Opponent Outlook: Like Irish, Stanford has suffered through struggles

Al Lesar
South Bend Tribune

Back in August, Saturday's prime time meeting between Notre Dame and Stanford was framed as a possible playoff elimination game.

In reality, there will be two disheveled programs desperately trying to avoid a free fall into football oblivion.

Notre Dame (2-4) is coming off a hurricane-induced loss to North Carolina State, while Stanford (3-2) has had back-to-back blowout losses to Washington and Washington State.

To make matters worse for the Cardinal, one-time Heisman Trophy contender Christian McCaffrey, their stud running back, suffered what appeared to be a hip injury against Washington State. His status for Saturday is uncertain.

Tom FitzGerald, who has covered Stanford football for the San Francisco Chronicle for many years, discusses some of the Cardinal woes.

ND Insider: How have the losses to Washington and Washington State impact the trajectory of Stanford's season?

FitzGerald: The losses not only took Stanford out of the hunt for another Pac-12 title, but they exposed some elements of the team that previously were thought to be very good. Like the offensive line. In the last two games, Stanford has rushed for just 90 yards total and given up 10 sacks. The Cardinal have been known for their stud O-line guys like first-round picks Andrus Peat and Josh Garnett in recent years. There's nobody of that caliber left.

NDI: Junior running back Christian McCaffrey hasn't scored a touchdown on the road in his career. Why?

FitzGerald: As a freshman in 2014 he was a spot player, scoring just two touchdowns, both receiving. In 2015 Remound Wright was the designated short-yardage and goal line tailbacks. He scored seven rushing touchdowns in road games, mostly on short runs. Those plays would have gone to McCaffrey except that David Shaw wanted to keep Wright involved and he was very good at jumping over the pile or bouncing around it. This year he had 138 yards rushing at UCLA, but the offense didn't score a touchdown until the final 24 seconds. At Washington, the O-line was overwhelmed, and there was nothing McCaffrey could do.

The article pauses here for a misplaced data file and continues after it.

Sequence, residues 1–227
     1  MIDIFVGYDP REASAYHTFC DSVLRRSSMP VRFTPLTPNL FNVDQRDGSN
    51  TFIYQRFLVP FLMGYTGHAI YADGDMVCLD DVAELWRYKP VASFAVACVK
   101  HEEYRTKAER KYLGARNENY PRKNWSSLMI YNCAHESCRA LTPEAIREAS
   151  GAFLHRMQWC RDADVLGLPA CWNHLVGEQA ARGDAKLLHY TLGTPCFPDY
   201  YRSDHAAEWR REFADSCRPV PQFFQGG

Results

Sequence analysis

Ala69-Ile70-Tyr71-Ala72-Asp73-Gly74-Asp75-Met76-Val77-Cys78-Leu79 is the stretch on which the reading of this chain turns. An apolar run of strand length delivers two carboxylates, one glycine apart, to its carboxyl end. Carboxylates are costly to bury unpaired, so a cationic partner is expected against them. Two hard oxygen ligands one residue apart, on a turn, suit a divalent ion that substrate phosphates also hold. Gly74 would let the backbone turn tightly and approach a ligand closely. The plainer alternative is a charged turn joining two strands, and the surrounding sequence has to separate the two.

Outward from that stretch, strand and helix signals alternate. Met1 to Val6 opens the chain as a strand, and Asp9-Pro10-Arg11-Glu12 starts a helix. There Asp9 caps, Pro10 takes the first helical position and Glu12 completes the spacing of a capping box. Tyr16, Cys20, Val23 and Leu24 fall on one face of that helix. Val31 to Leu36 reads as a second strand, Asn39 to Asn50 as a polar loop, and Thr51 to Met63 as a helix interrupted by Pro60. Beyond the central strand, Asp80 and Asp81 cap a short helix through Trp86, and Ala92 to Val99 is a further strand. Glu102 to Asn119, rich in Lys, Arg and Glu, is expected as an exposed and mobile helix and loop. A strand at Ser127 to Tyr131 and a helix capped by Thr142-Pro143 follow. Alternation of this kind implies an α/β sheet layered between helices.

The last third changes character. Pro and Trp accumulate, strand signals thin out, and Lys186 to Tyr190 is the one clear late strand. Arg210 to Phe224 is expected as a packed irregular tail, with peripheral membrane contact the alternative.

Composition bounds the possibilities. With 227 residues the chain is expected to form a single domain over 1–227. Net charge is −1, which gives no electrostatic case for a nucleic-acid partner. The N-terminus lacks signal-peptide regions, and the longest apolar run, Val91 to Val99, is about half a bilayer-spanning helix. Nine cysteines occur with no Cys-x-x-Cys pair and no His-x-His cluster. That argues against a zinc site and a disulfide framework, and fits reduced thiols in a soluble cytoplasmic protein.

NDI: Stanford's defense struggled last year. This year, Stanford is giving up about 379 yards a game. What's different?

FitzGerald: In the last two weeks, Stanford has given up 86 points, seven TD passes and 882 total yards, so the defense continues to struggle against solid competition. Solomon Thomas and Harrison Phillips are fine in the line, but the linebackers generally are very average and the secondary has been banged up. Starting cornerbacks Alijah Holder and Quenton Meeks have missed the last two games with injuries, and the opposition has been able to exploit the backups, especially since there hasn't been much of a pass rush.

NDI: Last year, Notre Dame's defensive plan was to shut down McCaffrey and dare quarterback to Kevin Hogan to win the game (which he did). Could Ryan Burns do that this season?

FitzGerald: Burns isn't the runner that Hogan was, nor is he as adept a field manager as Hogan was. After all, he has had just five games as the starter. He may be an outstanding college QB in time, but he's not there yet. Again, he doesn't have the offensive line in front of him that Hogan had.

NDI: What has surprised you about this team?

FitzGerald: That the offensive line has been so anemic against top-flight competition, namely Washington and Washington State. Christian McCaffrey is every bit the player he was last year, but he hasn't had much running room in the last two weeks.

Also, that opponents are much better equipped to contain McCaffrey on punt and kickoff returns. He had one excellent kickoff return against UW, but otherwise he's generally been kept in check.

And lastly, that the tight end position has been so unproductive. Backup Greg Taboada has missed the last two games with an injury, and starter Dalton Schultz has just eight catches for 64 yards. Freshman Kaden Smith, the nation's top prep tight end last year, hasn't played because he's still coming off a serious knee injury in high school.

FitzGerald: 

Washington State running back Jamal Morrow (25) runs past Stanford linebacker Mike Tyler during the second half of an NCAA college football game Saturday, Oct. 8, 2016, in Stanford, Calif. (AP Photo/Marcio Jose Sanchez)

WHO: Notre Dame (2-4) vs. Stanford (3-2)

KICKOFF: Saturday at 7:30 p.m. EDT

WHERE: Notre Dame Stadium

TV: NBC

RADIO: WSBT-AM (960), WSBT-FM (96.1), WNSN-FM (101.5)

LINE: Notre Dame by 1 1/2